Let an image form in your mind’s eye ofa web, the delicate filaments intricately connected, each one vibrating in response to the smallest movement on any part of the net. We know this image from the wisdom traditions, like the Buddhist sutra that describes Indra’s Net as a vast, jeweled web suspended in the heavenly abode, the essential structure that supports all of life. Quantum physics mirrors this ancient teaching in scientific terms, revealing that the universe is interconnected in much more subtle ways than previously realized. And perhaps when we wander deep into nature and see the roots of trees growing into a stream and the leaves tipping upward to be nurtured by the sun, it is easy to recognize the way that life self-organizes into a functional, interdependent whole. When we are quiet and open, some part of us, down in our bones, simply feels the truth of our connection with all of life.
While this web is an inspiring image and philosophically profound, it is essentially practical. Maintaining an awareness of our interdependence can guide our day-to-day choices in being part of something larger than ourselves. As we recognize the living connections between ourselves and all other life forms, we begin to discover our role within the potential of a larger reparative movement, a vitally needed shift toward an eco-harmonious way of living. This is becoming clearer as awareness grows regarding where our food and clothing comes from, and how to maintain, recycle or upcycle items to reduce waste. But our practical interdependence is an even more subtle and pervasive weaving of energetic filaments. It includes not only what we do, but how we express the gifts of who we are in the world. Continue reading Our Place in the Web of Life→
Twenty years ago I learned the fundamental principle that our energy and vitality does not actually belong to us – it is dependent on how connected we are to the larger energy field that we all live within. This includes nature and community (human and animal) and how our body is connected to these sources of energy. You may ask – Aren’t we always connected? Yes, we are always connected. However, how this connection flows through the body’s energy flow and organs is key.
These are ancient concepts –around for more than 4000 years, yet humans, in general, are becoming less connected to this life force energy flow. For starters, we have moved in-doors. We live alone more, or in smaller family units without extended family. We wear shoes, eat processed foods, and spend much of our time on-line or on the phone. We have become sedentary at work – and movement is the most effective way to move energy and energy blocks in the body.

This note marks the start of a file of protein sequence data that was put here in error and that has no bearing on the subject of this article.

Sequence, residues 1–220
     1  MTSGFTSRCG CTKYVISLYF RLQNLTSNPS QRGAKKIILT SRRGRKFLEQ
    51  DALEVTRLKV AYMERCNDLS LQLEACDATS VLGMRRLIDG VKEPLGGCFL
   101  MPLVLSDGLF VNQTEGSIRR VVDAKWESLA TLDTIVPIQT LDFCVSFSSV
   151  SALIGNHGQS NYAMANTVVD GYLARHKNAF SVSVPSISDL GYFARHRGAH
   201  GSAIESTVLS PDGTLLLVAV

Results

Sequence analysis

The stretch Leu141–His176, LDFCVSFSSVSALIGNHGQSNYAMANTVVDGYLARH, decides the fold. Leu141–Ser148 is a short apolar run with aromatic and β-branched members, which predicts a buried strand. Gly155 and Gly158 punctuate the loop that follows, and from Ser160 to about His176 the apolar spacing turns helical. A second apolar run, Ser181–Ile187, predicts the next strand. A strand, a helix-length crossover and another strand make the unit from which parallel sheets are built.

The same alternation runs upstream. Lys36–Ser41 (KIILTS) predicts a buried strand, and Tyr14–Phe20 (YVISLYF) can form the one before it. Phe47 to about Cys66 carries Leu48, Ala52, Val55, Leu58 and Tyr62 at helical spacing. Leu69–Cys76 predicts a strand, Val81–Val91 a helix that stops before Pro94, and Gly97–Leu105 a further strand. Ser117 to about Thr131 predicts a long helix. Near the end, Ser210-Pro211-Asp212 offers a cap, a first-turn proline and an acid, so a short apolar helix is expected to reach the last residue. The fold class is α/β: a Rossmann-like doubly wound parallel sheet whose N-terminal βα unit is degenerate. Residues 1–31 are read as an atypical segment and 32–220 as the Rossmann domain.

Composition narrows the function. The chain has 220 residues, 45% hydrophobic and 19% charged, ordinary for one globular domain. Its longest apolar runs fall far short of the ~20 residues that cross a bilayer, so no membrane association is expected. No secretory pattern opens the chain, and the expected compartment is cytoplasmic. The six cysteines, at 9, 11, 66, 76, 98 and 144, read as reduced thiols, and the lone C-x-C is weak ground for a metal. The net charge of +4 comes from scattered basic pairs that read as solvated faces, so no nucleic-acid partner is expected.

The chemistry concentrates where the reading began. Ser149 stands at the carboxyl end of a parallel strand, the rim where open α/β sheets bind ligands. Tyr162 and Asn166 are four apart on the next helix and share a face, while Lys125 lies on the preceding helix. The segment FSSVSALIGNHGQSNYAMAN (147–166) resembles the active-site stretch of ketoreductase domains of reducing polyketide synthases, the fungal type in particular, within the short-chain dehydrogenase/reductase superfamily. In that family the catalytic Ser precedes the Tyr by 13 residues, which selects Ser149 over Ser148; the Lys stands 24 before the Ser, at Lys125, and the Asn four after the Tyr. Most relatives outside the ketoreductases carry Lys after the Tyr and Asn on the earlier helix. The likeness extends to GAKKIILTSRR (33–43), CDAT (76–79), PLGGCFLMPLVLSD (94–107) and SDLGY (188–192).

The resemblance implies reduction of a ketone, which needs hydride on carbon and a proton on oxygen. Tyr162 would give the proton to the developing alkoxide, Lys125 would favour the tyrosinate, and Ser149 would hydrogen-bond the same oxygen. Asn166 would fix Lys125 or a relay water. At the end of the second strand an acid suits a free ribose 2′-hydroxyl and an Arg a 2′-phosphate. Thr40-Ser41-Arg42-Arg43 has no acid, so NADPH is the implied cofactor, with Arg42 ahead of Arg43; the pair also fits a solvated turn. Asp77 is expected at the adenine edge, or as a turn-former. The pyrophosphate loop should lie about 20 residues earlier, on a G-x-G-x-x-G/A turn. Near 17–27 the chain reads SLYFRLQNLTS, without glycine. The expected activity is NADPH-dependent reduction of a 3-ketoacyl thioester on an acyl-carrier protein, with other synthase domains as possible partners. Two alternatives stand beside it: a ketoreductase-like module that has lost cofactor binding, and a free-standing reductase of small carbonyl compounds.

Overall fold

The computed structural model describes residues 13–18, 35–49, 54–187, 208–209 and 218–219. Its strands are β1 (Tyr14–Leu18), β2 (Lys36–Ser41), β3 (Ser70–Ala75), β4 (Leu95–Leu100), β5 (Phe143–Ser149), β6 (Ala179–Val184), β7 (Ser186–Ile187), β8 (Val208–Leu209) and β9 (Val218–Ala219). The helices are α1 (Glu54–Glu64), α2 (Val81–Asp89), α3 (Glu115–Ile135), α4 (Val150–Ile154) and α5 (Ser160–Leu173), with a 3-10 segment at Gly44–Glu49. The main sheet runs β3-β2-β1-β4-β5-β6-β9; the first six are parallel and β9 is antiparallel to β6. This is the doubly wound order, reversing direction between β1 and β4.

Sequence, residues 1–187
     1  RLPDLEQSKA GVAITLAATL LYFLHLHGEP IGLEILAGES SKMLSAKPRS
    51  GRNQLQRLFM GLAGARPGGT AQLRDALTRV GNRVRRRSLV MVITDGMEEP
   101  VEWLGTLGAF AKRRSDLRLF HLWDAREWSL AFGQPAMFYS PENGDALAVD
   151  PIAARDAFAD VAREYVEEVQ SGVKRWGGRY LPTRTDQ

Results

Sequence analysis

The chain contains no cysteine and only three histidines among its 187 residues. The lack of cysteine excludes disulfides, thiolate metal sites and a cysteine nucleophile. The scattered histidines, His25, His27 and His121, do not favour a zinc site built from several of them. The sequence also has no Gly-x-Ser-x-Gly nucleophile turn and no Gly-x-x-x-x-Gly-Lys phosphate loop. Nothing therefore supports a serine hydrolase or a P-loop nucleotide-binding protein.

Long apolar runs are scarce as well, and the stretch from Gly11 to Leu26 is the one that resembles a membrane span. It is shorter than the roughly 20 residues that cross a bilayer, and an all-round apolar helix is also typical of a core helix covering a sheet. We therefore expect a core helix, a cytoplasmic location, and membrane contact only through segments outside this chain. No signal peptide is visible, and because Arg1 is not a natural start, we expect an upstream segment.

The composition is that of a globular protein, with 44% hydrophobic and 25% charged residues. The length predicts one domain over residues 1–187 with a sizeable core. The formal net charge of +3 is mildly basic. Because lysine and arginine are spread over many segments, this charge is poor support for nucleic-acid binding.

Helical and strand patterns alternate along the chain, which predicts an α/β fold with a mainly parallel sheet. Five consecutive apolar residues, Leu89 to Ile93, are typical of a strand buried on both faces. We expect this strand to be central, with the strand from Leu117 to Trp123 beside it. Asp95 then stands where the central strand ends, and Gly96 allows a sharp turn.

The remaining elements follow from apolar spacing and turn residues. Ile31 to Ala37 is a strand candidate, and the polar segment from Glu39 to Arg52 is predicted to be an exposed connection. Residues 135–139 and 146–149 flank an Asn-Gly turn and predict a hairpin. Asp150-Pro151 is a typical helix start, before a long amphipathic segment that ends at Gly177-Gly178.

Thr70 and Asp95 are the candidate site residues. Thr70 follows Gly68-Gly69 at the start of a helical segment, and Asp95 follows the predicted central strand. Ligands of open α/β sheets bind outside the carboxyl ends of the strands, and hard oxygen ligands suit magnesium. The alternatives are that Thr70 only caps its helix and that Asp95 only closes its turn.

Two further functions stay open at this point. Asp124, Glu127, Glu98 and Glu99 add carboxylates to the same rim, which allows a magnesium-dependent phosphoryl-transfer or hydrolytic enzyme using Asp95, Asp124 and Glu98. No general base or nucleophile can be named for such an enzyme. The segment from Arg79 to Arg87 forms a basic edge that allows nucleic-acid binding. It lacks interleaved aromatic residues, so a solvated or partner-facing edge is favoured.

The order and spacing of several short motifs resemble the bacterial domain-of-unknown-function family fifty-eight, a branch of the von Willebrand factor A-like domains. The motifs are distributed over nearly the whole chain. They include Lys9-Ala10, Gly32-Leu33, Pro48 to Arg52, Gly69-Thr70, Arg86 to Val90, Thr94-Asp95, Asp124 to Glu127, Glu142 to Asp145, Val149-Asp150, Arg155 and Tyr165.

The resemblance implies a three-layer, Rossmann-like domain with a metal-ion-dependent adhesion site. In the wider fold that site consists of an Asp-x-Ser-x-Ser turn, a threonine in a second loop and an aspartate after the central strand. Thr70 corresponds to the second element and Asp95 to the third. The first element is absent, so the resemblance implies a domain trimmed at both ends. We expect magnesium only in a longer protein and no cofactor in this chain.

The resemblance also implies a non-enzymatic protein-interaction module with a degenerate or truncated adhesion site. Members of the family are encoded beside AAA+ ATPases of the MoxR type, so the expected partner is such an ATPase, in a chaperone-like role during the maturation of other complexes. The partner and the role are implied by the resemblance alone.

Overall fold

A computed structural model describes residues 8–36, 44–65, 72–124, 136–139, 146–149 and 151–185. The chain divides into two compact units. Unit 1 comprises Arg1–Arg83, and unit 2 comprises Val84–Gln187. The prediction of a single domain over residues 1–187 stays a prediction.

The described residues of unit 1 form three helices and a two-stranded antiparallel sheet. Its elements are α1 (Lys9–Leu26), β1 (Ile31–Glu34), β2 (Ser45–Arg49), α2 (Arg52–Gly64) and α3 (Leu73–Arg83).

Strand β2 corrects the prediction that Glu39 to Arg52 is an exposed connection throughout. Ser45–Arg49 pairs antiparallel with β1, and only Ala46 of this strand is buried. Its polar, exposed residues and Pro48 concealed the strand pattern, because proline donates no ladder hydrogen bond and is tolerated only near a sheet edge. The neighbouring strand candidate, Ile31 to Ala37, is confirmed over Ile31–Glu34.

By Steven KH Aung, CM MD PhD OMD FAAFP / Clinical Professor, Faculty of Medicine and Dentistry / Adjunct Professor, Faculties of Extension, Rehabilitation Medicine / Pharmacy and Pharmaceutical Sciences and School of Public Health, University of Alberta Dr. Aung will be presenting Aung Medical Qi Gong & Intuition at Hollyhock on Aug 11-14th
“No matter what the circumstances, no matter what kind of tragedy I am facing. I practice compassion. This gives me inner strength and happiness…I myself, you see, am the devoted servant of compassion. This is the way I really feel.” – The Dalai Lama(1)
A strategic retreat will often prove itself to be surprisingly necessary in the face of adversity. It provides us with an opportunity to re-group and gather our strength, while our health and well-being will also benefit from its employment. It also provides us with the ability to counter and overcome stress, as stress (distress) is one of the worst health epidemics known. In traditional Chinese medicine (TCM), stress is considered a major external/internal pathogen. In Western biomedicine, stress tends to be viewed as the primary factor behind psychosomatic disorders. A retreat is a vital step forward – toward taking control of your own health. Continue reading Aung Medical Qi Gong Retreat: Reinforcement of Practice→
Do you take iPhone images of your friends, family and special life events? Or do you take images of nature and the environment?
Either way, photos that are more compelling and riveting will help you tell a more meaningful story.
Images straight out of the iPhone have some challenges. They often lack sharpness, clarity, saturation, contrast and balance.
In the iPhone photography course on June 24-29th, we will create images and apply powerful yet simple edits to make them more memorable. We will immerse in the unique beauty of Hollyhock and Cortes Island to discover, compose and share our personal visions.
Mythologist and wilderness rites-of-passage guide Martin Shaw has been described by Robert Bly as “a true master” and as “one of the very greatest storytellers we have.” Author of the award-winning ‘A Branch From The Lightning Tree: ecstatic myth and the grace in wildness’, he leads the Oral Tradition: Myth, Folktale, and Fairy Tale programme at Stanford University in the U.S., and is visiting lecturer on Desmond Tutu’s leadership programme at Oxford University. Director of the Westcountry School of Myth on Dartmoor, he lived under canvas for four years to get a deeper sense of the pockets of the wild still contained in Great Britain. Martin Shaw presents Mythteller at Hollyhock May 22 – 27, 2015.